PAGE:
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Wine and spirit businesses are setting a corking example in green initiatives

Environment | 14 November, 2019

Wine and spirit businesses based in the UK are committed to combating climate change using innovative and ground-breaking techniques to reduce their carbon footprint.

From importing wine in bulk and lightweight bottling, sourcing ingredients locally, solar panels to growing cork forests and using mash waste from spirits in animal feed – a series of inspiring green initiatives have been published in a new industry Environmental best practice booklet.

In partnership with its members the Wine and Spirit Trade Association has taken a snapshot of how the trade is working for a more sustainable industry by reducing emissions, optimising electricity and water usage and minimising waste. The booklet captures best practices from across the world, saving an equivalent one million tonnes of CO2 equivalent emissions!

Miles Beale, Chief Executive of the Wine and Spirit Trade Association, said:

“We are pleased to release the WSTA’s first sustainable best practice workbook which pulls together an array of practice and knowledge from across our membership. I hope it will act as a resource for understanding, allow business to identify areas of improvement, act as a tool for stakeholders with an interest in the wine and spirit industry, and further the effectiveness of our industry’s efforts to bring about transformational change.”

The document reveals that concerted efforts from both wine and spirit businesses, big and small, are world leading and achieving many of the 17 UN Sustainability Goals.

Methods used to meet ambitious targets include:

  • Shipping wine in bulk triples the volume transported in one container. Wine shipped in bulk to the UK saves 137g carbon per bottle. Over the last 10 years the amount of wine imported in bulk to the UK has doubled.
  • Cork forests are an excellent example of the balance between preserving the environment and sustainable development. The tree isn’t felled during the stripping of cork and the tree actually absorbs more CO2 as a result – so harvesting from a living cork tree contributes to reducing greenhouse emissions.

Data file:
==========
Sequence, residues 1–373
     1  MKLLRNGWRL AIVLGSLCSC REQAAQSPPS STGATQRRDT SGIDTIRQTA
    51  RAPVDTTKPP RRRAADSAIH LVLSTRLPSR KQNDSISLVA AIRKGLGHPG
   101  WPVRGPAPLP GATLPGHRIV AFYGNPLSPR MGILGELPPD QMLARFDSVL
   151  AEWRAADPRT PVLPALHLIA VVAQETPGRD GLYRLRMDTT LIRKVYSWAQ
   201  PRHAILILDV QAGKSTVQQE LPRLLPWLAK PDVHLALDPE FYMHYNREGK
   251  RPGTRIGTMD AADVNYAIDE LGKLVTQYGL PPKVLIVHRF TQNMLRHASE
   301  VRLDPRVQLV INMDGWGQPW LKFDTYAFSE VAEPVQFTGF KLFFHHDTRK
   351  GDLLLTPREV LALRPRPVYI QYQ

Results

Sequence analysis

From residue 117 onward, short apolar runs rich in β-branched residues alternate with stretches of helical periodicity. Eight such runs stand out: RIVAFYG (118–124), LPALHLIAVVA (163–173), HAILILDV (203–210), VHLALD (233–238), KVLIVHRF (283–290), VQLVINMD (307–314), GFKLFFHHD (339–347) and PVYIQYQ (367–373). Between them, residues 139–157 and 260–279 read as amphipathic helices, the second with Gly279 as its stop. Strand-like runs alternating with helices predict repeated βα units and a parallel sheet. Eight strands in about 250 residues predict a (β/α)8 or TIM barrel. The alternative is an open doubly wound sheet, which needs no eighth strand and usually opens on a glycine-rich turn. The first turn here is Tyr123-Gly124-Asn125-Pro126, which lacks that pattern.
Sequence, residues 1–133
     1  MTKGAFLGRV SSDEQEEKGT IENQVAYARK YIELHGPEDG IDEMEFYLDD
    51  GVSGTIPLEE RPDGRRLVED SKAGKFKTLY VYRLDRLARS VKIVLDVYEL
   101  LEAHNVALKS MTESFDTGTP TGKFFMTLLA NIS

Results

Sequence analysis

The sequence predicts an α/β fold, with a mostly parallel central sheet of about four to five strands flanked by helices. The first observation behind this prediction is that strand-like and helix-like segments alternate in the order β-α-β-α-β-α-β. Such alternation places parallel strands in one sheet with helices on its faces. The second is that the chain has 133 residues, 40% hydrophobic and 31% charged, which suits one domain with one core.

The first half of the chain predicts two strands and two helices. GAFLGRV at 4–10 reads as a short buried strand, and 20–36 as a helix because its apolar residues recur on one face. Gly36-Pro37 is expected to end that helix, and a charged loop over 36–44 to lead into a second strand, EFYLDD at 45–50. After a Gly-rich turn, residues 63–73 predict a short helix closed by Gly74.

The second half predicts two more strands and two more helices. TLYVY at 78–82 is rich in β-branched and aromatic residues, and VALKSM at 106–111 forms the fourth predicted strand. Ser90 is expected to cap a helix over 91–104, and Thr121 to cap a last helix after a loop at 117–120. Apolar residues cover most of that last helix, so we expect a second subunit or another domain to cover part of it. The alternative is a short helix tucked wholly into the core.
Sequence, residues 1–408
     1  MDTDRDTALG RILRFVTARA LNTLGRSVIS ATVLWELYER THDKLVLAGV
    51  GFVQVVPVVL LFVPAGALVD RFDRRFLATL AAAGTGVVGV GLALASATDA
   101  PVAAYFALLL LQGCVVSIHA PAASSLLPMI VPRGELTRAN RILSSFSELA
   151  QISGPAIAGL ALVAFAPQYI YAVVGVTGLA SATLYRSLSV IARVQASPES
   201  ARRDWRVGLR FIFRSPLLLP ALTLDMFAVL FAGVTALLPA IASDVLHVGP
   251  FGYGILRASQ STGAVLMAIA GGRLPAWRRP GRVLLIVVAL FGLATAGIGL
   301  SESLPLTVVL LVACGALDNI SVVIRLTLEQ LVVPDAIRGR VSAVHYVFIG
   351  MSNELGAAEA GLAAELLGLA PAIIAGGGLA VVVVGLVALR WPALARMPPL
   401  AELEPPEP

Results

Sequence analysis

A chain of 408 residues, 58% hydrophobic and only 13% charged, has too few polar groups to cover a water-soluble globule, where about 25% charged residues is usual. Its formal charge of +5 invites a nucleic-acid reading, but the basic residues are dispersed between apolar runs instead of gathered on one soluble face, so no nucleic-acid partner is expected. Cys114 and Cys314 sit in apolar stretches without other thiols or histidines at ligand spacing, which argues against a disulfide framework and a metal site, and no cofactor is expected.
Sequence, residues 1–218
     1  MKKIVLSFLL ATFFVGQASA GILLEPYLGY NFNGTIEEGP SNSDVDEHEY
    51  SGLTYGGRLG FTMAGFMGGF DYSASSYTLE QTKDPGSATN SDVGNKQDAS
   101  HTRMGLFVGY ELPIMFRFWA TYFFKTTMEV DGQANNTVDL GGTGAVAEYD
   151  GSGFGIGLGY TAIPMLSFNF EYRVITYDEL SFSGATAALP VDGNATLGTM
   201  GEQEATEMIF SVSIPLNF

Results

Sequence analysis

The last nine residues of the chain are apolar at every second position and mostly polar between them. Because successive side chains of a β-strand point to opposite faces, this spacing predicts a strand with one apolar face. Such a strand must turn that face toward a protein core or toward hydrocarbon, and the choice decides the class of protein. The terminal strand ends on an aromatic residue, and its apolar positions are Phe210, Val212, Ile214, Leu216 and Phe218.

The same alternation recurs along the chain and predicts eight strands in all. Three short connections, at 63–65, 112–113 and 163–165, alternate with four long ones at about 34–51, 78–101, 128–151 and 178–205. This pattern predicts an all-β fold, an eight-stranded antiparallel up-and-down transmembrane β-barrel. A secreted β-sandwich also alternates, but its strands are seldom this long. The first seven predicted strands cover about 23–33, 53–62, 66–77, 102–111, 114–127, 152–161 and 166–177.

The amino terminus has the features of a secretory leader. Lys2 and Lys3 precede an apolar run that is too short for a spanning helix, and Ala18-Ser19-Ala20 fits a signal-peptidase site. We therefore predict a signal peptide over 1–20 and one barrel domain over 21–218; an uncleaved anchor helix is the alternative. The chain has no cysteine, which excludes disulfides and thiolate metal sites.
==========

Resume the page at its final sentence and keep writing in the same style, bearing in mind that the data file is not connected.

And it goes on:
• Lightweight glass bottles reduce CO2 transport emissions – One supermarket alone saved 79 tonnes of glass in a year. Plus, more sustainable packaging using recycled or reduced packaging materials.
  • Sourcing ingredients, energy and water locally. For example, sending mash waste created in whisky production for animal feed for local farms.
  • A number of businesses help mitigate against their CO2 footprints by planting trees, encouraging biodiversity and supporting the local and national charities, such as the Woodland Trust.
  • Substantial investment in renewable energy by building wine turbines, solar panels and bio-energy plants. One wine company now boasts using 90% renewable energy and another aims to be 100% next year.
  • Investment in agriculture techniques, ground moisture monitoring water treatment, smart irrigation and grey water reuse are all utilised to make marginal gains and reduce excess energy and resource usage.
  • Promoting wildlife and biodiversity through providing habitats for a wide variety of flora and fauna on vineyards and in fields growing ingredients in spirit making particularly botanicals. Plus, plenty of work to promote and protect bee and other insect populations.

All of these examples and more, and information about the companies driving these initiatives can be found in the WSTA Wine and Spirit Environmental Best Practice booklet.

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